As you might imagine, call centers experience busy times like any other business, and they tend to align with people’s waking hours. If the company you’re trying to reach offers 24-hour customer service, try calling very early in the morning or very late at night. Most sane, well-adjusted people will be asleep or enjoying their lives, so your chances of getting through quickly (and your chances the CSR will have extra time for you) will be better.
Exhaust the script
It’s important to understand that every single CSR you speak to is working from a script. Companies develop complex algorithms for dealing with customer complaints. These scripts are designed to shorten call lengths—and to avoid outcomes the company finds undesirable (like refunding your money).
But like all scripts, they’re limited. A few simple tricks can help you break free from the script—and that’s when you can really get something done. A few things to try:
- Repeat your demands. CSR scripts usually have a limit on how often the CSR can refuse you—but they won’t tell you that. Most commonly, if you trigger the same script loop three times, the CSR is obliged to transfer you—or empowered to reveal another option they’ve yet to share. So if the CSR tells you they can’t refund you, don’t just accept it—ask again. And then again.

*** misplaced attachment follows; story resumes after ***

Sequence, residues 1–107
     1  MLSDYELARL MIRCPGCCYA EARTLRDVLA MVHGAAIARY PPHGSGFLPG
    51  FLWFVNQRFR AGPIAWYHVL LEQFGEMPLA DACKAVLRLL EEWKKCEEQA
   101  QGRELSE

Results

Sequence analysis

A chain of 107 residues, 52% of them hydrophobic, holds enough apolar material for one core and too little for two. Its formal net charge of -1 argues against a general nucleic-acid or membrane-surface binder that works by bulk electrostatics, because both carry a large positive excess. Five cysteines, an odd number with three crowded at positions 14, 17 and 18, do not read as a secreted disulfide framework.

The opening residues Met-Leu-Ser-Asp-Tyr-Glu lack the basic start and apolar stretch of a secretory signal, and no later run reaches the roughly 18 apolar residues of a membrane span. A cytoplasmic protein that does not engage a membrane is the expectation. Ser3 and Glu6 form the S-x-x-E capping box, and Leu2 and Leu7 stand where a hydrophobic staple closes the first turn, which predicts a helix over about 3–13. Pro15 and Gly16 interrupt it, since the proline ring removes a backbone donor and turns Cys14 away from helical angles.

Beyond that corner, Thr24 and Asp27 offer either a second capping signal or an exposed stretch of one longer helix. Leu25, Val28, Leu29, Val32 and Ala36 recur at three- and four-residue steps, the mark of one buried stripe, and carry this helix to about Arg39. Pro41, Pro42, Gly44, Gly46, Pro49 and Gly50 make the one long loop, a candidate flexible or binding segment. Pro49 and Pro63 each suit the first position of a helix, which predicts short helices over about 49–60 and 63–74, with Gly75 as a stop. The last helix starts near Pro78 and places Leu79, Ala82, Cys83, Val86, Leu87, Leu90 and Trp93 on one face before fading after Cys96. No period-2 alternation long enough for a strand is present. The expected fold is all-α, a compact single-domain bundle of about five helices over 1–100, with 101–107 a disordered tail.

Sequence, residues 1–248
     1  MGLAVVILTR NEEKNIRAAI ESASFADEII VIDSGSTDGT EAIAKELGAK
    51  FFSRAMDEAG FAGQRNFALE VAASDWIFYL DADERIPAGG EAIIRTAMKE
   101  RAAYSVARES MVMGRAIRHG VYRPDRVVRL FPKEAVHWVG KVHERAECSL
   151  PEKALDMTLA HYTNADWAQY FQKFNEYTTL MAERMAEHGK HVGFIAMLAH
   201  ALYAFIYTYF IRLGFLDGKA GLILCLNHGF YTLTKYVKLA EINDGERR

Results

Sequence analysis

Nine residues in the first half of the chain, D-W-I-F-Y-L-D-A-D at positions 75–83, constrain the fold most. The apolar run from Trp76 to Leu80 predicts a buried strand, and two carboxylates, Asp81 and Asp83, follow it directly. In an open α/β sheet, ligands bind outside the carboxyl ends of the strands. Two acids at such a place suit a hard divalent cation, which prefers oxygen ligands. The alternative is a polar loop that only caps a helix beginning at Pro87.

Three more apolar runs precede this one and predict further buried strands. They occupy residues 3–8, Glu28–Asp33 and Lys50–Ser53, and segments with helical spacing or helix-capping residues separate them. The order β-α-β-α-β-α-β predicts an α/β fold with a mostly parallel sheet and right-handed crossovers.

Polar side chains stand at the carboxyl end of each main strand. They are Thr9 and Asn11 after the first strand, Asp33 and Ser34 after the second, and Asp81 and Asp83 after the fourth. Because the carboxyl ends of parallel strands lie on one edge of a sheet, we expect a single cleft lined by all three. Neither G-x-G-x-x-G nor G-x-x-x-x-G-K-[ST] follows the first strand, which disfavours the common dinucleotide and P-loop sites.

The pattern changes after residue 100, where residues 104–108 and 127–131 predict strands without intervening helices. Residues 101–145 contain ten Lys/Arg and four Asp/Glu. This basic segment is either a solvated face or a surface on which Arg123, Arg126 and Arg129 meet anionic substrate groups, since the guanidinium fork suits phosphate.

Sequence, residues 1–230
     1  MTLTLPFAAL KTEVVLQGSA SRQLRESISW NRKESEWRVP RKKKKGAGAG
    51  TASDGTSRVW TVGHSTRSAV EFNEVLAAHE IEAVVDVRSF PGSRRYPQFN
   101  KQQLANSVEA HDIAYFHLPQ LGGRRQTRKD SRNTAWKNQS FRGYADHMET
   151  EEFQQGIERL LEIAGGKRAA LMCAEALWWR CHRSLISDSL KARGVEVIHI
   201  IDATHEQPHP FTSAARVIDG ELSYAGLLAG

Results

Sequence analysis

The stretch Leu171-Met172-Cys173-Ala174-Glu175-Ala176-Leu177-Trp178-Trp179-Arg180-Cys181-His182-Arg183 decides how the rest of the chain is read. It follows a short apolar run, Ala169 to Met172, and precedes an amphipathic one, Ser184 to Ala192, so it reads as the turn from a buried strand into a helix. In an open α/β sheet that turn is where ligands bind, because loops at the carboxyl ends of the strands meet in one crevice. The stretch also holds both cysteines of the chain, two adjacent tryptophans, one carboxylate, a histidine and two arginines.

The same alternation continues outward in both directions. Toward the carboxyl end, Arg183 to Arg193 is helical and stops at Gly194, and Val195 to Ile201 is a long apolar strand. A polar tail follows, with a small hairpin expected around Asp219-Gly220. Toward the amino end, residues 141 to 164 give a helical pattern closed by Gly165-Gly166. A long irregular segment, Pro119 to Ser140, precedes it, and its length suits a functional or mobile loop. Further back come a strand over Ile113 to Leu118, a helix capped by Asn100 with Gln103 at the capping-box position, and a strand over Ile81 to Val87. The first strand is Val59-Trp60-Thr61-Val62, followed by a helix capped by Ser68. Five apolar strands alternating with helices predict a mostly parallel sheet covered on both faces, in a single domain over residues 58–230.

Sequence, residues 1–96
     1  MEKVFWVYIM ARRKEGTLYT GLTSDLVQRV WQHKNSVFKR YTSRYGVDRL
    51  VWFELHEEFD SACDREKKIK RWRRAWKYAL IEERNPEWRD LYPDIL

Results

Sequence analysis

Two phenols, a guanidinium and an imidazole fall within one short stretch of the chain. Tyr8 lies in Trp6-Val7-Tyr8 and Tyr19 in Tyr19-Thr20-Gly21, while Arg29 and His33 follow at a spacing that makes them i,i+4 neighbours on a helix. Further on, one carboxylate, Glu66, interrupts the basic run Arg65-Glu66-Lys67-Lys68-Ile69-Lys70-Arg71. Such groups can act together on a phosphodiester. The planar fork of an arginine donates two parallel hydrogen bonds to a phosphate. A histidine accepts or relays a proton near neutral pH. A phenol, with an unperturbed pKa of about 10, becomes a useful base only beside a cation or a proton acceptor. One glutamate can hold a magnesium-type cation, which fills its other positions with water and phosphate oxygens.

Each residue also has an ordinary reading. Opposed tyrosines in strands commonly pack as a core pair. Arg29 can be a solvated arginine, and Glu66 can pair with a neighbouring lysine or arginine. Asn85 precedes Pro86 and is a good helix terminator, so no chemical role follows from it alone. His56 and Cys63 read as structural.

- Stay on the line. CSRs are always on the clock. Every interaction costs the company money, and their job performance is often tied to how quickly they can resolve customer problems. The longer you refuse to end the interaction, the closer you get to being transferred to someone who can actually do what you want, or inspiring the CSR to use some of the power they do have just to get you off the line.